Later, after a friend on the phone remarked, “you sound depressed,” I suddenly realized that in fact I was. I should have known, I should have recognized the signs, but I was so overwhelmed by the feeling of failure and trying to hide it from everyone else that I didn’t recognize that this wasn’t normal, it wasn’t “me.” With the birth of Max my mind cleared and I could see again. I could make decisions again. I decided to leave the doctoral program, to refocus my life, to take a different path. And that has made all the difference.

Armed with the label “partum depression” I could look back and follow the trajectory of the deviation between “normal me” and “depressed me.” But suddenly the ability to be me, to feel like myself, was a tenuous and special thing, and even months later, I carefully monitored myself each day to see if I “felt like myself.” It’s a funny thing, this fading grasp of “being me.”

Part of the problem with “being me” is that “being me” has always been tied to a certain trajectory -- becoming a professor, writing a book, whatever. But although the cloud had lifted and the weight of the PhD was off, I was missing a bedtime story, something to cushion and protect me during the transition from daytime reality to nighttime shadow. The mechanics of day to day living I knew how to do, but I needed something to guide my thinking about where I was heading. And I didn’t know. And I still don’t know.

The hardest thing about leaving the PhD was not, in the end, making the decision (which after all this time I still feel was the right decision, and one which left me feeling wonderfully free and liberated), but having to learn to fall asleep without the security blanket of a definable future. This was really the first time in my life that I had to deal with the notion of failure. But I found that failure is not such a scary monster after all. You can live with it under your bed and it won’t eat you up. You can even lean over and take a peek at it, make friends with it, invite it over for tea. It might just introduce you to its friends.

We are again poised on a precipice. We are planning to move to China in the next few years and need to make a decision about a Third. The thing I admire most, perhaps, about KC is his ability to pick a goal and stick with it -- to live without self-doubt and uncertainty. He knows what he wants and he goes out and gets it. I’m still waiting for the deity to descend from the heavens and tell me why I’m here. Should I try to write? Is this blog just a way of trying on a new skillset, a new future, like one would try on a pair of jeans? Or just a container for my fascination and anxiety?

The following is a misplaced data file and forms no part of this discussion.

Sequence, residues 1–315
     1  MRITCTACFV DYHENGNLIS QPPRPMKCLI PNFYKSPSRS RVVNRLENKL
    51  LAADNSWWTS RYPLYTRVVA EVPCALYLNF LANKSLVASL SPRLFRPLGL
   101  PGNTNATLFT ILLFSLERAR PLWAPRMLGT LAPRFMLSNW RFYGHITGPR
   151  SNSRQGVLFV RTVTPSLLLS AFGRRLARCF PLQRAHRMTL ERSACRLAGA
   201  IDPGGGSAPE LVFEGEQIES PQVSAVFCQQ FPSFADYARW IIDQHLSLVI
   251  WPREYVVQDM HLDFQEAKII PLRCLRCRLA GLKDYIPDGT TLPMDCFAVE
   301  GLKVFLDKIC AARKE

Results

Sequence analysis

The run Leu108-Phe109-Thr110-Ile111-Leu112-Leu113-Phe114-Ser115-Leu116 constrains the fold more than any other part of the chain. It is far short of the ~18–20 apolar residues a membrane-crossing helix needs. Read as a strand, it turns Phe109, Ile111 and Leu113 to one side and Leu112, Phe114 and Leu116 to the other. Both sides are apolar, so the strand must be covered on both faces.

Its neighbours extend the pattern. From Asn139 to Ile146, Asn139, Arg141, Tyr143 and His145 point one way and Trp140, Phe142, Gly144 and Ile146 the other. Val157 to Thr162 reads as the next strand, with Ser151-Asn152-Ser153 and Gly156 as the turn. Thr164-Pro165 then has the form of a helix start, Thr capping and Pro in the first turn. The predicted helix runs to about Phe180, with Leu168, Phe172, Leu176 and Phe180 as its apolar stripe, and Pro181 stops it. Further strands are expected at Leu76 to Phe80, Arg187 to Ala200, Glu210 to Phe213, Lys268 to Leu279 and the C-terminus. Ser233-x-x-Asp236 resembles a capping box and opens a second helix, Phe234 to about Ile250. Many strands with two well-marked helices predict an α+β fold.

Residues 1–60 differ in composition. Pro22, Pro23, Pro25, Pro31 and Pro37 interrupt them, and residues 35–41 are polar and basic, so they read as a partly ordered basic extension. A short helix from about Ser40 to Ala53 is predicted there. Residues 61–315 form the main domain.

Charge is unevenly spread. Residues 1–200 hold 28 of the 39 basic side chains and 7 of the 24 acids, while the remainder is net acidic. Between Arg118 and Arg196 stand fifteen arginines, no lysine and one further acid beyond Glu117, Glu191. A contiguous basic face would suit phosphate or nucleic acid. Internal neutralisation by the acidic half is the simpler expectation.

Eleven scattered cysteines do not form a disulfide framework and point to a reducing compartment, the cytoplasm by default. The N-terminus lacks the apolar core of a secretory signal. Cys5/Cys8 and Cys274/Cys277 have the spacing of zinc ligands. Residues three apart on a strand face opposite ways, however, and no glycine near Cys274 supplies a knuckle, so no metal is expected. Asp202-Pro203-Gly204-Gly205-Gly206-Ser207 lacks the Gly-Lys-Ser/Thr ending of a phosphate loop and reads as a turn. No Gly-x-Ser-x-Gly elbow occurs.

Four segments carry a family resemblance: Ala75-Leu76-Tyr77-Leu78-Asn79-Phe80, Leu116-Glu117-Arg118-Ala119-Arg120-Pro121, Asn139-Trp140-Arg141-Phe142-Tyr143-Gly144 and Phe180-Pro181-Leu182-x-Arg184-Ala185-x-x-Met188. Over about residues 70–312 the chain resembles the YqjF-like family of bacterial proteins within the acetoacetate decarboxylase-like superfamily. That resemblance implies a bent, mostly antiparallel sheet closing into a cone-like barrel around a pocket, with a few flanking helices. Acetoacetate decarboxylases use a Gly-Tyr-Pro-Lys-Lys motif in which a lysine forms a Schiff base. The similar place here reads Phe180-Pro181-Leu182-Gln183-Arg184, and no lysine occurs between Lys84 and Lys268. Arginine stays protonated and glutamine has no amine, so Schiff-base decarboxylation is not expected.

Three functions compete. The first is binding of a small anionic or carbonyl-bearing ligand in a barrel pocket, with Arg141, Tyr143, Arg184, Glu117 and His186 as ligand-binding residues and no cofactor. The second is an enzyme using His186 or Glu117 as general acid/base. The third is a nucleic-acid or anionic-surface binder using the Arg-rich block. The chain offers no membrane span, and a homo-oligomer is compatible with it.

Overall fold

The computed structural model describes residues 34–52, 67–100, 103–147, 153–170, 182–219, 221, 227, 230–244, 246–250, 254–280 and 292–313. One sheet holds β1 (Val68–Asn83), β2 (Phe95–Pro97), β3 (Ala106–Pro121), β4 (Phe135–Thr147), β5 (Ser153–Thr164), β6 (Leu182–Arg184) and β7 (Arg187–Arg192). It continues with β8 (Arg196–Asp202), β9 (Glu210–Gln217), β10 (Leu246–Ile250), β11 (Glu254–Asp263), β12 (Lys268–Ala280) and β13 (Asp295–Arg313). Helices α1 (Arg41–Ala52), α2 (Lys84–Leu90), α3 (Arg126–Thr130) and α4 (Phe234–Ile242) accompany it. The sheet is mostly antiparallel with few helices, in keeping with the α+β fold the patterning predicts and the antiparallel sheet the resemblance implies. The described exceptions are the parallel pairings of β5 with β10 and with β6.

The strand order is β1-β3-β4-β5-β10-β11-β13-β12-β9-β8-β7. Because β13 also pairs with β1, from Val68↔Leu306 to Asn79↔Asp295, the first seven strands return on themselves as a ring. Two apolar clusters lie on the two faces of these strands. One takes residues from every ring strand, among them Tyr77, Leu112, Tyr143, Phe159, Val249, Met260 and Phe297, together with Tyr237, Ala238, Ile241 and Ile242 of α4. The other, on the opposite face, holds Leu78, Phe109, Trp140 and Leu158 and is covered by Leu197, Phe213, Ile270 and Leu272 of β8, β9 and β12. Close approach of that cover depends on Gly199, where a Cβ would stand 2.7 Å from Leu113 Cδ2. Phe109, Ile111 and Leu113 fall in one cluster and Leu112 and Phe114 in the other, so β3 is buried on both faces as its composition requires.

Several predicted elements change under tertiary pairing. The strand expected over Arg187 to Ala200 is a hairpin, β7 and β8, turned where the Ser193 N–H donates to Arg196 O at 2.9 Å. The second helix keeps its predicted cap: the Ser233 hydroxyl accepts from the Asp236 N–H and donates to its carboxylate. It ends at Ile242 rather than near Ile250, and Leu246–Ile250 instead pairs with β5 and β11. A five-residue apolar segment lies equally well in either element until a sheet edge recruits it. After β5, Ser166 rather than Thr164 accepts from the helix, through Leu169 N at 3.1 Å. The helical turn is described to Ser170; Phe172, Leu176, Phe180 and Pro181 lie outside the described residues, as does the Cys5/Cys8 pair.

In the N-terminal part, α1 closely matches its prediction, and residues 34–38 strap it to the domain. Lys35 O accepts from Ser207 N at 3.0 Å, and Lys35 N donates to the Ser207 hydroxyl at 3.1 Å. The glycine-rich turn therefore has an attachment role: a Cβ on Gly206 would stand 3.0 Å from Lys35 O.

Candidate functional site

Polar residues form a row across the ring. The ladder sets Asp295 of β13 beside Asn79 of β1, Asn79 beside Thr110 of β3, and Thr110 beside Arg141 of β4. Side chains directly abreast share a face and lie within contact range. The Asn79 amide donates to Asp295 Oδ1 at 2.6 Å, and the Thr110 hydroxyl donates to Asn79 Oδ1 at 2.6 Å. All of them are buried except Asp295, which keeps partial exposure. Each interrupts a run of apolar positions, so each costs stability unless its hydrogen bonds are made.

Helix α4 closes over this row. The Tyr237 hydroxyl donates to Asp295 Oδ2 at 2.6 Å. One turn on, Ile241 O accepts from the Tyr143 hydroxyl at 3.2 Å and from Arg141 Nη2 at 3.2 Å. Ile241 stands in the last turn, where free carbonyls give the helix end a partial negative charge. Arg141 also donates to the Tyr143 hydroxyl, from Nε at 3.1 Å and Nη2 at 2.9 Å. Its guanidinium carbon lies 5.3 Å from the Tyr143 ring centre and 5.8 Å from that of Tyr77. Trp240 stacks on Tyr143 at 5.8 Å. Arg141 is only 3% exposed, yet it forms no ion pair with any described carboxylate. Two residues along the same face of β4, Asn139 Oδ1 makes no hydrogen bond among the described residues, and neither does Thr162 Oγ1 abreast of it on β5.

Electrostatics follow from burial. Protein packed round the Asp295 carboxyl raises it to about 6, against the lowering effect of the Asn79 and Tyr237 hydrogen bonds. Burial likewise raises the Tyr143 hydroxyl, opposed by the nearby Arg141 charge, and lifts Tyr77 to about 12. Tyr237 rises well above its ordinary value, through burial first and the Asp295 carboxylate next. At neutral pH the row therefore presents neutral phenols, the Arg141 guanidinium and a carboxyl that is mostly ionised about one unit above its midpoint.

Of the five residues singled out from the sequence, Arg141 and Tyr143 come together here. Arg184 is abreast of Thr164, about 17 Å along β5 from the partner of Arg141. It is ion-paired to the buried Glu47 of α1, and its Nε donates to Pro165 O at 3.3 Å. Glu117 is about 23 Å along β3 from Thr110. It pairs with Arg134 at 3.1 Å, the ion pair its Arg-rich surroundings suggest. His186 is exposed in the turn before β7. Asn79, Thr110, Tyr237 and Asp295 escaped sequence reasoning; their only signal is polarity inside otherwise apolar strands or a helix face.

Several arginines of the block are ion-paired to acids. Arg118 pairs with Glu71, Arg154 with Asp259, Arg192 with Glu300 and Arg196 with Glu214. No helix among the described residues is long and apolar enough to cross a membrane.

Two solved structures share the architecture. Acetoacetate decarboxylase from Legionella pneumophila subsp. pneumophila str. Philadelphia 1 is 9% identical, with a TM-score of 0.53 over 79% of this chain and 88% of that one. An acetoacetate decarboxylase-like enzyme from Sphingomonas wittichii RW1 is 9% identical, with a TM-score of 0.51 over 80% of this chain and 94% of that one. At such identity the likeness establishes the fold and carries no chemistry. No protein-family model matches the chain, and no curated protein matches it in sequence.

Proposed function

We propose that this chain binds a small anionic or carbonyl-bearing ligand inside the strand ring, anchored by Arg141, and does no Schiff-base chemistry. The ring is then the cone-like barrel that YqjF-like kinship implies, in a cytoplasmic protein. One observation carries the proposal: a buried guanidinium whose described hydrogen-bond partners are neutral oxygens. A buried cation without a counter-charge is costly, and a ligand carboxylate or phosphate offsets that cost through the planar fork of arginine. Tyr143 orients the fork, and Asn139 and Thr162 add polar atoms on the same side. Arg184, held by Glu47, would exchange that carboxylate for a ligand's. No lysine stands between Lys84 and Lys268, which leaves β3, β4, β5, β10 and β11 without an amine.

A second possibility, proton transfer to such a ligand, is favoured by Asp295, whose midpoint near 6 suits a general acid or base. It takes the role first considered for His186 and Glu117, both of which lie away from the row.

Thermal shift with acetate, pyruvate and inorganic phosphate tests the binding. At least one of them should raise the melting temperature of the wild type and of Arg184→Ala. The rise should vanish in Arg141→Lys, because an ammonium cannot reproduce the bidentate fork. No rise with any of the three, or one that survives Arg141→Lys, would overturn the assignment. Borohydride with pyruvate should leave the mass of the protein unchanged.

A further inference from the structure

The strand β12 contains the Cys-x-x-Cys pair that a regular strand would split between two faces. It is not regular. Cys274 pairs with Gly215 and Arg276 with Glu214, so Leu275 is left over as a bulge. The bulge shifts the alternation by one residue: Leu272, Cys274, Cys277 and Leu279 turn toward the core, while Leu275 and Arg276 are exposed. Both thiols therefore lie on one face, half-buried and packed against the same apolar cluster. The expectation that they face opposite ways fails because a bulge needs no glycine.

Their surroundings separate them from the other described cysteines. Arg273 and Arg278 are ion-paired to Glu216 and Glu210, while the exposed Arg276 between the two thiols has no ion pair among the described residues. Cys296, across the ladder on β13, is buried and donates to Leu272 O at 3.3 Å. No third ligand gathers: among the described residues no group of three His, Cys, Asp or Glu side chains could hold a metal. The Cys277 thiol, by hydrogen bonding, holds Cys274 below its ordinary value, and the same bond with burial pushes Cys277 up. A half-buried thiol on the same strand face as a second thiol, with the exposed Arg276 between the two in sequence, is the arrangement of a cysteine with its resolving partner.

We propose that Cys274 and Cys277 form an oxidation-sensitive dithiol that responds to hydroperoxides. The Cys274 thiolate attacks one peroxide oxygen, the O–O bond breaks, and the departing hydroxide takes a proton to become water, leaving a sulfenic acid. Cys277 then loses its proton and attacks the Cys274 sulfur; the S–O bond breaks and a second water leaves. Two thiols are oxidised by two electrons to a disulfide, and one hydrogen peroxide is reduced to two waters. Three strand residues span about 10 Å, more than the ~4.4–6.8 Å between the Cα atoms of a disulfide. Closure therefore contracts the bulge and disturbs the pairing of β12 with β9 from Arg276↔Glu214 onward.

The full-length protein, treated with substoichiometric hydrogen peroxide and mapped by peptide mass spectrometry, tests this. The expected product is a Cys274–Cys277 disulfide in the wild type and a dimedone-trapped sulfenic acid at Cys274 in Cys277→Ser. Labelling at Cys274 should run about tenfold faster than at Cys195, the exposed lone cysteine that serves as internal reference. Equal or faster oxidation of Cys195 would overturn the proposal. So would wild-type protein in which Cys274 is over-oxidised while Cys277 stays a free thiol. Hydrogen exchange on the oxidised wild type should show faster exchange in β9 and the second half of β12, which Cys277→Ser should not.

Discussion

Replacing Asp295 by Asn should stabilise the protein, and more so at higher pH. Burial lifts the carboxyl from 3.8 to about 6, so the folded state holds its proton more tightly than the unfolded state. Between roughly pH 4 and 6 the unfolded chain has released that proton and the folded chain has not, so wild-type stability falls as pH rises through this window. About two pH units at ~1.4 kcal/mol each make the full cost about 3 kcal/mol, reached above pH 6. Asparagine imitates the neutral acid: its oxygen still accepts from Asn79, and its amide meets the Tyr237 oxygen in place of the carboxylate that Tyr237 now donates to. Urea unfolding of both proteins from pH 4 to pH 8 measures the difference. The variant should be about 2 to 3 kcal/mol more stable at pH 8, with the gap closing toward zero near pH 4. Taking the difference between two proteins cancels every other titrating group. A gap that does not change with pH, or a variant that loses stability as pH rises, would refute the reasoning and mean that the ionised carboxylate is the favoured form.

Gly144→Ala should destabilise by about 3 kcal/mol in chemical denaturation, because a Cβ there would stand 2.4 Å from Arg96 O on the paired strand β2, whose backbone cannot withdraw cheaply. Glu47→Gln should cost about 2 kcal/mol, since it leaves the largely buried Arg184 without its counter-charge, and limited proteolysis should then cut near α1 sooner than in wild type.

There are so many ways to lose yourself -- chemically, geographically and culturally, and directionally (wow, I didn’t know that was a word but spellcheck doesn’t have a problem with it). In a way, being a stranger in a strange land provides a good background for this kind of anxiety about the meaning of one’s life: removed is the pressure to keep up with the Jones and being dislocated is like picking up a rock from the ground -- I turn it over and suddenly all sorts of creatures of strange colors and shapes are visible, living their lives in ways I never dreamed of.

Perhaps most importantly, in a place where I’m am still learning new, fascinating words, seeing new things, and meeting new people, my absorption in the day to day act of exploring has taken the pressure off of the urge to sum up and explain. Now, for Aiden and myself, I change the stories every day, and each one of them can be true and beautiful, and useful -- for the moment.